They are the champions
by Robert Mitchell
“He said to them, ‘Go into all the world and preach the gospel to all creation.’ ”—Mark 16:15
The Champions of the Mission 2023–2025 session of new Salvation Army cadets will receive an official public welcome on Oct. 13-15, but the cohort experienced a more intimate and private version on Sept. 7 in the College for Officer Training (CFOT) Chapel.
Commissioners G. Lorraine and William A. Bamford, who are retiring as territorial leaders at the end of the year, joined the rest of the cabinet and CFOT staff, including Lt. Colonels James and Patricia LaBossiere, training principal and assistant training principal for ministry development, in welcoming the 18 cadets at a special dinner and time of worship. The cadets have only been at the CFOT for a few weeks.
Commissioner William Bamford set the tone for the night by sharing one description of a champion as someone who “champions a cause.”
“Champions, by that definition, are people who put their energy, their heart, and their soul into the growth and strengthening of something,” Bamford said. “In our case, you are champions of God’s mission in the service of The Salvation Army.”
Major Rohan Gage, the territorial candidates secretary, said the cadets—12 of whom are first-generation Salvationists—came from Argentina, Puerto Rico, Haiti, and various locations in the United States. They will become Salvation Army officers after two years of training.
The Bamfords also oversaw the official presentation of the session flag. Commissioner Lorraine Bamford further expressed the theme of champions, when she noted how Olympic athletes sometimes run and wave their country’s flag after winning the gold.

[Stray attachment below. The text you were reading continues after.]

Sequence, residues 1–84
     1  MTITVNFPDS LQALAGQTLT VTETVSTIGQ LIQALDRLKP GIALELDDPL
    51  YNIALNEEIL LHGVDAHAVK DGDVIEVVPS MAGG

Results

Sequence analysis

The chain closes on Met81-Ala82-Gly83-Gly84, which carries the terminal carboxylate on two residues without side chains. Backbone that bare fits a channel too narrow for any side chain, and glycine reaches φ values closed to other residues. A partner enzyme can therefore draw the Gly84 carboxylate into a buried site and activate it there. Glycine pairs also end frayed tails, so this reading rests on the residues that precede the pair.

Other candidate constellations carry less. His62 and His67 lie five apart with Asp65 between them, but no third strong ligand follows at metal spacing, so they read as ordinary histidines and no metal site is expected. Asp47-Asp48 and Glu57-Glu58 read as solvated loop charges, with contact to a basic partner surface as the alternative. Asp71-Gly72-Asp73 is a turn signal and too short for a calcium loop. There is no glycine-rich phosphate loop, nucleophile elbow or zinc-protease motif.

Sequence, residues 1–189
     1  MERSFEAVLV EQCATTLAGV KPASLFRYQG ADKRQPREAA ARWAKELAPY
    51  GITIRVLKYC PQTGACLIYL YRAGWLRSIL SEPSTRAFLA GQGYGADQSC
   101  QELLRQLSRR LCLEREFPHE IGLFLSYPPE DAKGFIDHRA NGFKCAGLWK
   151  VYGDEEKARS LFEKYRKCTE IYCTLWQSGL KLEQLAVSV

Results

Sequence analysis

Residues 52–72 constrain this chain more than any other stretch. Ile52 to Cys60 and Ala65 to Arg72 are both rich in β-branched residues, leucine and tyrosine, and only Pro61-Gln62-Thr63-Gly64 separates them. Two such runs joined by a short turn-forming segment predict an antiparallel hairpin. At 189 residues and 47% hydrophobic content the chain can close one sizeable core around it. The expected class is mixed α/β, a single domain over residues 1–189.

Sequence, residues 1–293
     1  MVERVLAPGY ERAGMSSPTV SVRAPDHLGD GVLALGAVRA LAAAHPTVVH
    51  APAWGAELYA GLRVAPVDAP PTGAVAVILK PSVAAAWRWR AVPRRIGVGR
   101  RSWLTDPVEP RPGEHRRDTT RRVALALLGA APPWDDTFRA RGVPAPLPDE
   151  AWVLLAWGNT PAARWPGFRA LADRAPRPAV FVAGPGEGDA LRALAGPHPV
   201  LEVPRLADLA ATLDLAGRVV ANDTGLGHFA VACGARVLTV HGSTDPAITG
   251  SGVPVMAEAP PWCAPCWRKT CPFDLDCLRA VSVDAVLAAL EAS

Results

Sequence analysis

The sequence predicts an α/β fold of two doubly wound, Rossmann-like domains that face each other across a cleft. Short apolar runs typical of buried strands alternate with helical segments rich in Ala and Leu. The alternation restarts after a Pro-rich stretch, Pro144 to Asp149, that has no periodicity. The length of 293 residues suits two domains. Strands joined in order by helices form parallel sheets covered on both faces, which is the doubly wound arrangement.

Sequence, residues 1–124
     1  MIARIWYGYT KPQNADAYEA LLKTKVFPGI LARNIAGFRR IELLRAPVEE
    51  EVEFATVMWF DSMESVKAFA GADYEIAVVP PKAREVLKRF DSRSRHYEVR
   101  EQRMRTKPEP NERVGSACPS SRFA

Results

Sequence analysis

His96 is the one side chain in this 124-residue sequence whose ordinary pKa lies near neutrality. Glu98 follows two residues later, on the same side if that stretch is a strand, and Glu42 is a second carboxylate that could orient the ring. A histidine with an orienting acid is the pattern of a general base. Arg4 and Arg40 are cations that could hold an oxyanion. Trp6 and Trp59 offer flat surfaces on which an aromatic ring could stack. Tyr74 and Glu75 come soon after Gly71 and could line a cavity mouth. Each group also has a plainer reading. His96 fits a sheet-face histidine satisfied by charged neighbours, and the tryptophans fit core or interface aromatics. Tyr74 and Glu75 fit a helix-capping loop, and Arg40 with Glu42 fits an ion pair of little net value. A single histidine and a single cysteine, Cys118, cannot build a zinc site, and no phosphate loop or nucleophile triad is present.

“May this flag always remind you that you represent God’s mission,” she said.
Commissioner William reminded the cadets that the flag would be present during their training, commissioning, and possibly their Promotion to Glory someday.
“When you see this flag, remember that you are a champion—a champion of Jesus Christ,” he said.
Following past champions
Lt. Colonel Patricia LaBossiere offered a prayer of dedication over the cadets and asked God to “prepare their lives for action” and to keep them holy, devoted to prayer, wise toward outsiders, and always faithful.
Commissioner Lorraine offered a short devotional, and read the opening verses of Isaiah 61 where the prophet talks about proclaiming good news to the poor, binding up the brokenhearted, proclaiming freedom for the captives and releasing prisoners from darkness. She pointed out that Jesus read that same passage in the synagogue in proclaiming Himself the Messiah, as recorded in Luke 4.
In his address to the cadets, Commissioner William said, “God has asked you to do the same thing. Each of us, everyone in this room, must not forget that we have been called to be a champion of the mission.”
He also briefly told the cadets about the predecessors, the champions of the faith who have been memorialized at the Army’s burial plot in Kensico Cemetery.